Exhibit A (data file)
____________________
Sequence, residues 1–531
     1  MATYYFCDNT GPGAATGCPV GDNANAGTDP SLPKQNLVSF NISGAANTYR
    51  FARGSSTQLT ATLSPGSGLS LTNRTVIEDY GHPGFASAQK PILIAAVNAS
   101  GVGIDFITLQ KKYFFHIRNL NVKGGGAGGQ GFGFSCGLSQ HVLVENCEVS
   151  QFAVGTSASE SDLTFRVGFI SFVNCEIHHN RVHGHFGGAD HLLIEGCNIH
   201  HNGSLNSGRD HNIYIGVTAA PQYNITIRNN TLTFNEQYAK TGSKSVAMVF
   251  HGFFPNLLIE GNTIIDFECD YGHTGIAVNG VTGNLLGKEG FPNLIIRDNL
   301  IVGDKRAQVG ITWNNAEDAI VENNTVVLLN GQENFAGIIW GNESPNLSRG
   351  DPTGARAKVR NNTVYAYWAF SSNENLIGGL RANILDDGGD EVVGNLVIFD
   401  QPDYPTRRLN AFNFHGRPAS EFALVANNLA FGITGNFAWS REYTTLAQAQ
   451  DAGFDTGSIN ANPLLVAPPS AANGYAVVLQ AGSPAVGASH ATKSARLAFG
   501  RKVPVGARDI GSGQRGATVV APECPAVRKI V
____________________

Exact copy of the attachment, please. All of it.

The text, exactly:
Sequence, residues 1–531
     1  MATYYFCDNT GPGAATGCPV GDNANAGTDP SLPKQNLVSF NISGAANTYR
    51  FARGSSTQLT ATLSPGSGLS LTNRTVIEDY GHPGFASAQK PILIAAVNAS
   101  GVGIDFITLQ KKYFFHIRNL NVKGGGAGGQ GFGFSCGLSQ HVLVENCEVS
   151  QFAVGTSASE SDLTFRVGFI SFVNCEIHHN RVHGHFGGAD HLLIEGCNIH
   201  HNGSLNSGRD HNIYIGVTAA PQYNITIRNN TLTFNEQYAK TGSKSVAMVF
   251  HGFFPNLLIE GNTIIDFECD YGHTGIAVNG VTGNLLGKEG FPNLIIRDNL
   301  IVGDKRAQVG ITWNNAEDAI VENNTVVLLN GQENFAGIIW GNESPNLSRG
   351  DPTGARAKVR NNTVYAYWAF SSNENLIGGL RANILDDGGD EVVGNLVIFD
   401  QPDYPTRRLN AFNFHGRPAS EFALVANNLA FGITGNFAWS REYTTLAQAQ
   451  DAGFDTGSIN ANPLLVAPPS AANGYAVVLQ AGSPAVGASH ATKSARLAFG
   501  RKVPVGARDI GSGQRGATVV APECPAVRKI V